Louisville, which has a total of just three wins against other programs from the Football Bowl Subdivision so far this season, took care of the Syracuse Orange last Saturday with a 27-10 triumph following an emotional visit in the locker room pre-game by Anthony Conner who, against Rutgers a week earlier, broke his neck.
"For the first time, our players had a chance to see this young man right before pre-game," Louisville head coach Charlie Strong remarked. "To be the competitor he is and have a competitive spirit, we see the respect our players have for him."
With the victory, the Cardinals moved to an even 4-4 on the campaign and 2-1 in the Big East.
Speaking of the Big East, the latest news coming out of Morgantown has the Mountaineers making the jump to the Big 12 Conference sometime in the near future, as long as all of the particulars can be worked out.
"This is a tremendous opportunity for WVU athletics, our fans and the state of West Virginia," noted head coach Dana Holgorsen. "Having coached in the Big 12 before, I appreciate the excitement, passion and expectations associated with the conference, and I have no doubt that WVU athletics will be a great addition to the Big 12."
While still a part of the Big East, the Mountaineers locked up against the Rutgers Scarlet Knights last Saturday on a snow-covered field and pulled out a 41-31 triumph, the 17th straight win in the series for WVU. Ironically Rutgers, which led by as many as 10 points late in the first half, was led out onto the field by paralyzed Scarlet Knights player, Eric LeGrand.
Like the Cardinals, WVU is now 2-1 in conference play and that has both squads tied with Pittsburgh for second place in the standings behind only Cincinnati with its 2-0 in conference mark.
In terms of the all-time series between these two teams, WVU has taken 10 of the previous 12 encounters, including four in a row. Last year, the Mountaineers posted a 17-10 triumph over a Cardinals squad that hasn't topped WVU since a 44-34 decision at home back in 2006. The only other triumph for Louisville in the series was a low-scoring affair (9-7) back in 1990 on West Virginia's home field.
Louisville jumped out to a 14-0 lead in the first quarter versus Syracuse last week, and never looked back as quarterback Teddy Bridgewater converted 17- of-24 passes for 198 yards and two touchdowns, while shaking off three sacks. Vic Anderson accounted for a team-best 93 yards and a score on 11 rushing attempts as well.
The 27 points for the Cardinals, once a very aggressive offensive program, was the highest output of the season thus far and marked just the third time in eight games that the team had scored more than 17 points. In fact, the squad is still averaging just 17.6 ppg which is not only last in the conference, it is 113th in the nation heading into this week. Bridgewater is completing 63.3 percent of his pass attempts thus far, but he has just seven TDs to show for his efforts, against six picks on 150 throws. DeVante Parker leads the group with four TD catches on a mere 11 receptions, posting one of those scoring catches last weekend.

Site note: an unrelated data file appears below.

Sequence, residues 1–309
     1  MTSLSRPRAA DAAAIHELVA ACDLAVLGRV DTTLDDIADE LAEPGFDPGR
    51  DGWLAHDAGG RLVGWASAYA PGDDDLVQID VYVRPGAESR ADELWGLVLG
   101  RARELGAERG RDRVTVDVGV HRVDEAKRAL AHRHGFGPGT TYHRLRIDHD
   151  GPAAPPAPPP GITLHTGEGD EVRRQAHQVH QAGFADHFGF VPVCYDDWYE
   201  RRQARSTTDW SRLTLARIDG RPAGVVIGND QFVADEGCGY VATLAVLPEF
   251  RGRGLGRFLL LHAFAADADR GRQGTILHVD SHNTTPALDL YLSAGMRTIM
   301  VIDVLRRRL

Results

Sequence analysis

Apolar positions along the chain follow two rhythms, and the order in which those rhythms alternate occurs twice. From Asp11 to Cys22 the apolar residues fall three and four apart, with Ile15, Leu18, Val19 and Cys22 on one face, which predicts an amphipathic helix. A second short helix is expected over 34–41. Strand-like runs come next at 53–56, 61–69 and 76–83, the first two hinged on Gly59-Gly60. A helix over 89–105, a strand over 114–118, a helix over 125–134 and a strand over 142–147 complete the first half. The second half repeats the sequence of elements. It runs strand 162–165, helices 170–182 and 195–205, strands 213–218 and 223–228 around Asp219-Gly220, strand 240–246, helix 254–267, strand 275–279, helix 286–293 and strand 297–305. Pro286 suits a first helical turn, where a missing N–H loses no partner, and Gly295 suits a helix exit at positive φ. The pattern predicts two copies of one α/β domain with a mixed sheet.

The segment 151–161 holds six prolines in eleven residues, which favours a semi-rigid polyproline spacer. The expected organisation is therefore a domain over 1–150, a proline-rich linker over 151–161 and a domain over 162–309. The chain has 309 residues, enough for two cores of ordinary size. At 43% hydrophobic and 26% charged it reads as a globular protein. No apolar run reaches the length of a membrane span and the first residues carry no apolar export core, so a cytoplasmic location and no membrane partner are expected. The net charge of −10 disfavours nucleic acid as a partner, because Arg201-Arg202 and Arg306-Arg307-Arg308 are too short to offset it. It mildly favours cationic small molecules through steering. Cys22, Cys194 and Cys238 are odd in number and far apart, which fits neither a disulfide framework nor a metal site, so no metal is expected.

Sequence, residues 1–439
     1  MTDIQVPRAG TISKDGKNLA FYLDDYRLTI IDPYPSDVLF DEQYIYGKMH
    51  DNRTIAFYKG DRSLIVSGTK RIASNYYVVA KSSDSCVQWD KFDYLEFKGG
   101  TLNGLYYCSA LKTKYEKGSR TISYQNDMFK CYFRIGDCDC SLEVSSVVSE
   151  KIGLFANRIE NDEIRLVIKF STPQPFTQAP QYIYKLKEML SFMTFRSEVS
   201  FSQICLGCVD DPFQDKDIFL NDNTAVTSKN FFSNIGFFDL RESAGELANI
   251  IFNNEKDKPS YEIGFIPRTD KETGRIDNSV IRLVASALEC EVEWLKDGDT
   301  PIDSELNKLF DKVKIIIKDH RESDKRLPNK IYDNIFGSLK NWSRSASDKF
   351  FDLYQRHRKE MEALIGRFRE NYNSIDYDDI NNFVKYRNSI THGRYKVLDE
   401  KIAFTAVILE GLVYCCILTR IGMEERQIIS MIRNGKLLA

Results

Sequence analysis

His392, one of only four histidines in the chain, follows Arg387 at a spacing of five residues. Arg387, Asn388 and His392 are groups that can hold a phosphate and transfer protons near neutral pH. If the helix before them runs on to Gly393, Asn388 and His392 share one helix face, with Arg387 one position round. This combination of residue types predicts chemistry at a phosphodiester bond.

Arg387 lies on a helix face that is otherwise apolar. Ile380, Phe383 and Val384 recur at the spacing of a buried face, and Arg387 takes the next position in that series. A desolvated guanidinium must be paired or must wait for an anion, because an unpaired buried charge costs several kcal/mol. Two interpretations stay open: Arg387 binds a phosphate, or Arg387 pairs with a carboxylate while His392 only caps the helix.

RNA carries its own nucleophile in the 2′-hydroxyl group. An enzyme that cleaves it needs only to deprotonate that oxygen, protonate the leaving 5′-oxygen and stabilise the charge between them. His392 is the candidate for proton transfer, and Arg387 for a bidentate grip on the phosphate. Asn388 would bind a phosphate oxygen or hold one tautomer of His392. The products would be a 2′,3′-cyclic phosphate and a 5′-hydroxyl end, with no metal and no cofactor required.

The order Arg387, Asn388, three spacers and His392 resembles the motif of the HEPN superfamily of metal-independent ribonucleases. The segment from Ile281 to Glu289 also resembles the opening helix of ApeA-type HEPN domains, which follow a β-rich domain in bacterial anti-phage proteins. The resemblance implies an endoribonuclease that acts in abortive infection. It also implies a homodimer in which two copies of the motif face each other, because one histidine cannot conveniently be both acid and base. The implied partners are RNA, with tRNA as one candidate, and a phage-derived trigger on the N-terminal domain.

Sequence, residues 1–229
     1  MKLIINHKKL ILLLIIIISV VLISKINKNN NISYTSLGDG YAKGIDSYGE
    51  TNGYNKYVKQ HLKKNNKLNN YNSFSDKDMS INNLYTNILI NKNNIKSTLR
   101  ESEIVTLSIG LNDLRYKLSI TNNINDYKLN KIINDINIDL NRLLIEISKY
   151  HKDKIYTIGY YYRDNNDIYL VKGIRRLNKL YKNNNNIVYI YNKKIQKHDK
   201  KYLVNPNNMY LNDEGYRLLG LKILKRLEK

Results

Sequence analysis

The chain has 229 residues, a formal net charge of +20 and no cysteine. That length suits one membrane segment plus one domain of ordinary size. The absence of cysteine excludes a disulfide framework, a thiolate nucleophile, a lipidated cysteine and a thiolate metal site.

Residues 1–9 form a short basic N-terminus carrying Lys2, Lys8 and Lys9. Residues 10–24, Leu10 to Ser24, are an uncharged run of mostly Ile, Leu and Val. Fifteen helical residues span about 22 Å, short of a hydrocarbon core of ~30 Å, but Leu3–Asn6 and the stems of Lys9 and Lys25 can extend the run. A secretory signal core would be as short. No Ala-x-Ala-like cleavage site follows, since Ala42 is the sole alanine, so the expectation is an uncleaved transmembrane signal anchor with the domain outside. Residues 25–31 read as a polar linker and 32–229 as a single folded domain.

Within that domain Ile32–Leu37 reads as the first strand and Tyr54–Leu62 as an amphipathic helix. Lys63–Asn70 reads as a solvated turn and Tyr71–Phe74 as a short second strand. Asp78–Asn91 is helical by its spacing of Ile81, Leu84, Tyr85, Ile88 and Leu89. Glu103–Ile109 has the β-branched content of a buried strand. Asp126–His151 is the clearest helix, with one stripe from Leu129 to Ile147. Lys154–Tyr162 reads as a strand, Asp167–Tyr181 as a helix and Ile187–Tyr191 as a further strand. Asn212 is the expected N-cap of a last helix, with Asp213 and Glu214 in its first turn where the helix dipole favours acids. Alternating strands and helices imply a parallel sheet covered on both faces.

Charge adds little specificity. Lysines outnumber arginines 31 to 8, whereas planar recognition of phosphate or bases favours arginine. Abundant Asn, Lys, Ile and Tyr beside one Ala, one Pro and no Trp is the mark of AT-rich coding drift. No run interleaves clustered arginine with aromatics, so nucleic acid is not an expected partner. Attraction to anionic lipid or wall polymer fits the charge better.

As far as the Louisville defense is concerned, leading tackler Dexter Heyman (55 stops) is also the leader with 10 stops behind the line of scrimmage and is tied for the team lead with a pair of pass interceptions for a group that ranks first in the league and 11th in the country with just 16.3 ppg allowed.
Geno Smith connected on 20-of-31 passes for the Mountaineers against Rutgers, producing 218 yards and a couple of second-half TD strikes which lifted the visitors to the win on the road. Shawne Alston ran for a game-high 110 yards and also crossed the goal line twice on 14 attempts for West Virginia, the team gaining 210 yards and posting four TDs on the ground overall.
Julian Miller and Brodrick Jenkins were the defensive stars for the Mountaineers are they logged two fumble recoveries and two interceptions, respectively.
There have been more than a few games this season in which WVU has allowed the opposition to put significant points on the scoreboard and at times there seems to be no rhyme or reason for it. However, one area in which the Mountaineers have lacked adequate pressure is at the line of scrimmage and further up the field. Not only is the team last in the conference and 86th in the nation with just five tackles for loss per game, but it is also 109th with a mere 1.1 sacks per game as well.
Smith and the offense can try and cover up some of the lackluster play of the WVU defense and this year Smith is making it happen by throwing the ball quite a bit. Now averaging a pedestrian 127.3 ypg on the ground, Smith has the aerial attack accounting for 354.9 ypg, which is tops in the conference and seventh in the nation and is certainly something the Cardinals should be keeping in mind.
"We don't plan on changing anything," Anderson says of Louisville's preparations heading into the meeting with WVU. "We just want to execute our game plan. Coach Strong always says it starts up front with the big guys. You could see that today and next week it will show again."